for the first time in 97 years, the cost of a postage stamp went down today. the price of a first class stamp went from 49 cents to 47 cents. the reduction marks the end of a special program that had allowed the postal service to raise stamp prices temporarily and this is all really good news, unless you're like me, and you've stocked up on those forever stamps. it was batter up
for the duke and duchess of cambridge as they began a tour of india with a friendly cricket match with children in mumbai. princess cate had no trouble connecting with the ball, even in high heeled wedges. wow. the royal couple spending six days in india. it's their first official visit to the region. they're calling him smokey jr. one lucky baby bear that escaped major harm, thanks to some first responders, firefighters in lake county, florida, found the cub as they worked to bring a wildfire under control. the bear suffered slight burns on his paws and face. his rescuers named him smoky jr. in a nod to the iconic fire fighting mascot smokey bear. up next, how an old school bus is getting kids excited about science.
finally tonight, it's no secret that this country could use more scientists, but how do we encourage kids to focus on science? here in new york, children are getting some valuable exposure through a program on wheels, it's called the biobus and our kristen dahlgren hopped on for a look. >> reporter: it's easy to see this isn't your average school bus. >> one, two. >> reporter: but it's what's inside the 1974 transit bus with the funky paint job. >> we're going to investigate them under the microscope. >> reporter: -- that is the real jaw-dropping surprise. >> a heart! >> reporter: a fully functioning high-tech research grade science lab. when would the kids normally encounter equipment like this? >> not until college. >> reporter: these are no college students. >> i'll give you a hint, its heart is very clear. >> oh my god! >> reporter: they're fourth graders at a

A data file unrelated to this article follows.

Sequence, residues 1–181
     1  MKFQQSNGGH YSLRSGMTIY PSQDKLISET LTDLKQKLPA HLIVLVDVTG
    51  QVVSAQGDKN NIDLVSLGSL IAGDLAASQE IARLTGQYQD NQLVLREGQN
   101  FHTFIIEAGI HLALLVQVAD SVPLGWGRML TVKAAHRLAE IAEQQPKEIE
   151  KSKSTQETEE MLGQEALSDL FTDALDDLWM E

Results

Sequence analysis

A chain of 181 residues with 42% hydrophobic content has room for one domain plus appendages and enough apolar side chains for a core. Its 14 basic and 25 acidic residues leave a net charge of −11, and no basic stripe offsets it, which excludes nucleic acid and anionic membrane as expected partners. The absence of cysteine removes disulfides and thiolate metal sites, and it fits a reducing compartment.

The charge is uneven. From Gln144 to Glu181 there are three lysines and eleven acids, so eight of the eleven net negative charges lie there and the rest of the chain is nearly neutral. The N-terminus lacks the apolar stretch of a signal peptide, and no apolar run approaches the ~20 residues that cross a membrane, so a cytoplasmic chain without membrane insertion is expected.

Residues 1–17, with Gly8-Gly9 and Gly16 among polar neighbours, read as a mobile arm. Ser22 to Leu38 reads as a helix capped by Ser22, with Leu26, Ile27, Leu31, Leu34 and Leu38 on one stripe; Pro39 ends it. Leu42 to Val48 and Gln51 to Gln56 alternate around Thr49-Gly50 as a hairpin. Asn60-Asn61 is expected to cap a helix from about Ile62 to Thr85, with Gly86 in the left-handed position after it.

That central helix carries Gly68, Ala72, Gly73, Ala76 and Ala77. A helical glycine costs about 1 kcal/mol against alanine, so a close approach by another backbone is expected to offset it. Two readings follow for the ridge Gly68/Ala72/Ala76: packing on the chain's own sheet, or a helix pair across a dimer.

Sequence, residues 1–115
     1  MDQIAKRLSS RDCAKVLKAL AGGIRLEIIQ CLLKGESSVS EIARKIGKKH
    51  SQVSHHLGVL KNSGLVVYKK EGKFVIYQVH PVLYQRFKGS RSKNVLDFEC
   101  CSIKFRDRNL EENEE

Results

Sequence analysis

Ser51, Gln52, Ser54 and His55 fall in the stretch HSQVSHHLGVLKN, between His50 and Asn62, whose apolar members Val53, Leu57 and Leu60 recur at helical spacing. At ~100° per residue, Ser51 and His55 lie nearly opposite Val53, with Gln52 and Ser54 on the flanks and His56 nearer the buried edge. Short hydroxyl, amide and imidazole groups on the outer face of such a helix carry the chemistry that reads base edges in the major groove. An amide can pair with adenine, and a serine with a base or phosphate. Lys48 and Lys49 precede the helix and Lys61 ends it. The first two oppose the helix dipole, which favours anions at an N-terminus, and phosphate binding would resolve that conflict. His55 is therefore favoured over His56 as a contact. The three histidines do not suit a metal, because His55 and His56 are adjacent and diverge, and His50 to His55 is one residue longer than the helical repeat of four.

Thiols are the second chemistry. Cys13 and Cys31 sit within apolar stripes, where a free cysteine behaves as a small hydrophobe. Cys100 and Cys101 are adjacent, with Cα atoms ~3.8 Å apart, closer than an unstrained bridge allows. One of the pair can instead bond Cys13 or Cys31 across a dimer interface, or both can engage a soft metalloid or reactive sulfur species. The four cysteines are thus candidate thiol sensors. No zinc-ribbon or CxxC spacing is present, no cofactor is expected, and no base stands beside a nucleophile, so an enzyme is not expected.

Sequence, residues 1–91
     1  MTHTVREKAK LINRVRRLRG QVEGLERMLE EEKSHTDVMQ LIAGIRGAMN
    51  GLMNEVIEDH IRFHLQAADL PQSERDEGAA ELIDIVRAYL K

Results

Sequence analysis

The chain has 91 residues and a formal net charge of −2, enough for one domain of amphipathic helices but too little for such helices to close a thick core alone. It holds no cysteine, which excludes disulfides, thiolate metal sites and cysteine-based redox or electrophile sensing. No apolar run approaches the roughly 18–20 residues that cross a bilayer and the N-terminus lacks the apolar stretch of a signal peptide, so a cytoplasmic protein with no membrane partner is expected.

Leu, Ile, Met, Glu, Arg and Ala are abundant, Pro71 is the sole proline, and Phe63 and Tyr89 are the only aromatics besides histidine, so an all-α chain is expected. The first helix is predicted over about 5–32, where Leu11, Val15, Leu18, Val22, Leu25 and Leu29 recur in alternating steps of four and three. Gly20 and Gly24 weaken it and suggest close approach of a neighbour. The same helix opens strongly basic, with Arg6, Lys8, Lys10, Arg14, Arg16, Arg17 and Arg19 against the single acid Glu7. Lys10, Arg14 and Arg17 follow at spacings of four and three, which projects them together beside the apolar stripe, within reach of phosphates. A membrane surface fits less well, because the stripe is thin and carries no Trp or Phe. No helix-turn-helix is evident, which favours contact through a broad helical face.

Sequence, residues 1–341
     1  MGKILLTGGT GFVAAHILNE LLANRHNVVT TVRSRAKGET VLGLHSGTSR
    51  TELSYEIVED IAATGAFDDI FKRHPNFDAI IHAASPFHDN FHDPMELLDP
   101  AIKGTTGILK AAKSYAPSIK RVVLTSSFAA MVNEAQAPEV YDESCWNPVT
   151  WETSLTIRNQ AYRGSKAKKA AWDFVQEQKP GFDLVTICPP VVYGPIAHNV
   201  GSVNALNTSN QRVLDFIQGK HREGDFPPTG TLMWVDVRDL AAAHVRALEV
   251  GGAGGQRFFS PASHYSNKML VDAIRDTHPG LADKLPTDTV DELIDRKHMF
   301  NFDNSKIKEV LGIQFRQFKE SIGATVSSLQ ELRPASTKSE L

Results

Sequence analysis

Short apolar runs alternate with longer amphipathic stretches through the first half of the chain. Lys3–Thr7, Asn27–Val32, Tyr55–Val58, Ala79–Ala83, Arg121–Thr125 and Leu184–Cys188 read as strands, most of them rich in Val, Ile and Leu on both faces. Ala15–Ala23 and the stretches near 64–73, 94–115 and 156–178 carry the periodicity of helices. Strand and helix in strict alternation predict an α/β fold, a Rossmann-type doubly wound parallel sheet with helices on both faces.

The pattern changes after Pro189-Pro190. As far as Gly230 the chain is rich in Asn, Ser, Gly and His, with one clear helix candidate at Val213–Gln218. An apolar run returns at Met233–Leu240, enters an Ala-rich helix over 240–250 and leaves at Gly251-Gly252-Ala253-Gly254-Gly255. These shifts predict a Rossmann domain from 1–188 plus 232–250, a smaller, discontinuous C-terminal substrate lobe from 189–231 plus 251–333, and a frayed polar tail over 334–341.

public school in queens, new york, where the biobus is parked for the day. >> our philosophy is that if you let students actually experience what it's like to be a real scientist that that's what will get them excited about going into careers in science. >> reporter: and so every day the biobus travels to an area school, bringing its microscopes and scientists to students who would never get this in an ordinary classroom. >> it's almost like having a trip in our own backyard. >> reporter: thanks to donors, it costs the schools little. >> it's his mouth. >> reporter: for biobus scientists it's a win/win. >> i feel like if they're excited about their experience then we're doing something right, we're igniting that fire for science that may not have existed before. >> reporter: the program has already seen an uptick in enrollment at their classroom-based afterschool and summer programs. excitement about science in kids who might not otherwise know what's out there. show of hands, who here wants to be a scientist when they grow up? the next generation of
scientists -- >> have you ever been inside of a laboratory before? >> no. >> reporter: -- hopping on board and in the most scientific of terms that's -- >> awesome. >> cool! >> reporter: kristen dahlgren, nbc news, new york. >> love seeing all those girls in there, too. that is "nbc nightly news" for this sunday. lester holt will be back here tomorrow. i'm kate snow reporting from new york. i'll see you tomorrow on msnbc. for all of us here at nbc news, thanks for watching. have a great night.
nbc bay area news starts now. right now at 6:00, the search for a 2-year-old girl missing for weeks in san francisco intensifies. the new information that we're learning about this investigation and also the death of her mother. well, good evening to you. thank you for joining us. i'm peggy bunker. terry mcsweeney is off tonight. the disappearance of 2-year-old arianna fitts and the discovery of her mother's body. now we know where she was found. lily tan is live in san francisco. >> reporter: yeah, since february. and earlier today, sfpd sources or sources within